To build augmented reality apps, developers used to utilize third-party software development kits (SDKs) or write the code from scratch which was an extremely time-consuming task. Android developers had the other option to use Google Tango, a high-end AR app development platform for specific devices like Lenovo Phab 2 Pro and Asus ZenFone AR. Google no longer supports the platform because of its low scalability.
When Google and Apple released their official SDKs, it significantly simplified the augmented reality app development. ARCore and ARKit offer complete tools that dramatically cut the time needed for the development process by enabling developers to skip writing a code typical for most AR apps.
ARCore is Google’s SDK for AR mobile app development. It supports mobile devices based on Android 7.0 Nougat and higher. The augmented reality app development platform has the following features:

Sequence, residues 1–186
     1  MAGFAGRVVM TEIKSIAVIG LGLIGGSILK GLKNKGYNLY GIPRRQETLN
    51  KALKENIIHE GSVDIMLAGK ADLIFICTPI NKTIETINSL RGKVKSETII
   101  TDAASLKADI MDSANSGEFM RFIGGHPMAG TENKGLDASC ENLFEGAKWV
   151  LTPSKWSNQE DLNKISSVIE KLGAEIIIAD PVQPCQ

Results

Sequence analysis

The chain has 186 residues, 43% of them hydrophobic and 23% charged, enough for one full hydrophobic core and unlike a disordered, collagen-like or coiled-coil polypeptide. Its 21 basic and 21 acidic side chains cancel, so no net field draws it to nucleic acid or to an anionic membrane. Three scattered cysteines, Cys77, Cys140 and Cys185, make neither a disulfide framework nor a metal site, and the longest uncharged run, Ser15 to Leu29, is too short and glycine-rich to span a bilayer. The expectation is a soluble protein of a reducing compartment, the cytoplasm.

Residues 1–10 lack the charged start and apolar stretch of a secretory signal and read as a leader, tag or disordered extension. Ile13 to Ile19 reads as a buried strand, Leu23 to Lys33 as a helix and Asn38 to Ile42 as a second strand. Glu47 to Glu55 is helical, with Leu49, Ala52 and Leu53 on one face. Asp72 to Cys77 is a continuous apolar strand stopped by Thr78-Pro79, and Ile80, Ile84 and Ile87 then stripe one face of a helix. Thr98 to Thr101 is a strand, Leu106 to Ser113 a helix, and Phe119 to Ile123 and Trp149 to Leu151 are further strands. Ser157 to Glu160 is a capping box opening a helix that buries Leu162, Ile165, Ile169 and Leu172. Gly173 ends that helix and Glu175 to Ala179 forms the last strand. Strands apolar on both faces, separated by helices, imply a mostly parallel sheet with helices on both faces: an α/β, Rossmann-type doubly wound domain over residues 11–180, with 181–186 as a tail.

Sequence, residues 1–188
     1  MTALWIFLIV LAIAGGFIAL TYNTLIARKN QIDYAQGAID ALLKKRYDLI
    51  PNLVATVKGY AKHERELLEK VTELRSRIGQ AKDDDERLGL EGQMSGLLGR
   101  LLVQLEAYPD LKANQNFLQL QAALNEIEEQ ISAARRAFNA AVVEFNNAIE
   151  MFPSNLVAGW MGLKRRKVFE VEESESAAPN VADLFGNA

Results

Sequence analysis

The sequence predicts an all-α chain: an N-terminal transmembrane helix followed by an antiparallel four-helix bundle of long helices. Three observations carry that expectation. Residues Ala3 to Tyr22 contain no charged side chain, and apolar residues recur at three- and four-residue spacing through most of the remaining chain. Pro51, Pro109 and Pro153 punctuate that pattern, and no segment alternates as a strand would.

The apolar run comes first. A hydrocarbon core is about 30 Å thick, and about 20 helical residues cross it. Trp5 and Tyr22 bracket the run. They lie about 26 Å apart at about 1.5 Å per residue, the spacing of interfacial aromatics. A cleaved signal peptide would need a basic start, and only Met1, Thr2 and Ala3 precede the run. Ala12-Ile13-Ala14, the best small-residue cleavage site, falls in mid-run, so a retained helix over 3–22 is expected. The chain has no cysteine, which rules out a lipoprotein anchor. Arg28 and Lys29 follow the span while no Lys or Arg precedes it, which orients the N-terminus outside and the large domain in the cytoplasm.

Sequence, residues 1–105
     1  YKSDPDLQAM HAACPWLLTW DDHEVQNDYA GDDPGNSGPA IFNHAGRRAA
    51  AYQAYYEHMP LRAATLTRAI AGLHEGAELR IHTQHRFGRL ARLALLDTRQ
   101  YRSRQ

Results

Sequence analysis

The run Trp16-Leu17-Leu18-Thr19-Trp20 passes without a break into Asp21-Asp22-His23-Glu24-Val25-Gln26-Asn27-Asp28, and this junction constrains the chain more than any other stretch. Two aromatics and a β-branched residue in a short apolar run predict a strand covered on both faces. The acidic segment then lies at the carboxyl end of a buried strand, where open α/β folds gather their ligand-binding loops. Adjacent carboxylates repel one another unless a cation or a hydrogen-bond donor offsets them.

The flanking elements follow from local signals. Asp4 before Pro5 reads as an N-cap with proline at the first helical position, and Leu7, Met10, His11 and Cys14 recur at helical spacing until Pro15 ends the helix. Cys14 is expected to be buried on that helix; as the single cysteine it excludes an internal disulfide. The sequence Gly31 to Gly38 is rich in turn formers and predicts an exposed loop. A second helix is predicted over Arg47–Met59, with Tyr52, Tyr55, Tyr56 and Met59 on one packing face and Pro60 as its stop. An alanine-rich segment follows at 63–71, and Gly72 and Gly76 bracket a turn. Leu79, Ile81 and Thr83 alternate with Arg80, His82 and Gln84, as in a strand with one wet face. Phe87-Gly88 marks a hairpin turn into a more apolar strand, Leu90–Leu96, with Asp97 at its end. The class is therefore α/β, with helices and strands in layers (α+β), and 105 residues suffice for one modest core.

- Motion Tracking. The SDK determines the mobile device orientation using the motion tracking feature to properly align computer-generated content to physical objects.
- Detecting surfaces: ARCore can detect horizontal surfaces to properly put digital content.
- Light analysis. The platform can analyze light conditions to properly adjust reflections and shadows. This enables accurate virtual content displaying in real-time.
- Interactivity. The SDK enables users to interact with physical objects using its pick correlation feature that tracks interactions of light rays.
- Determining anchors. The Google’s platform determines anchors to accurately track the disposition of real-world objects and properly put virtual objects within a physical environment.
ARKit is Apple’s SDK for AR mobile app development. It supports mobile devices based on iOS 11 and higher. The augmented reality app development platform has the following features: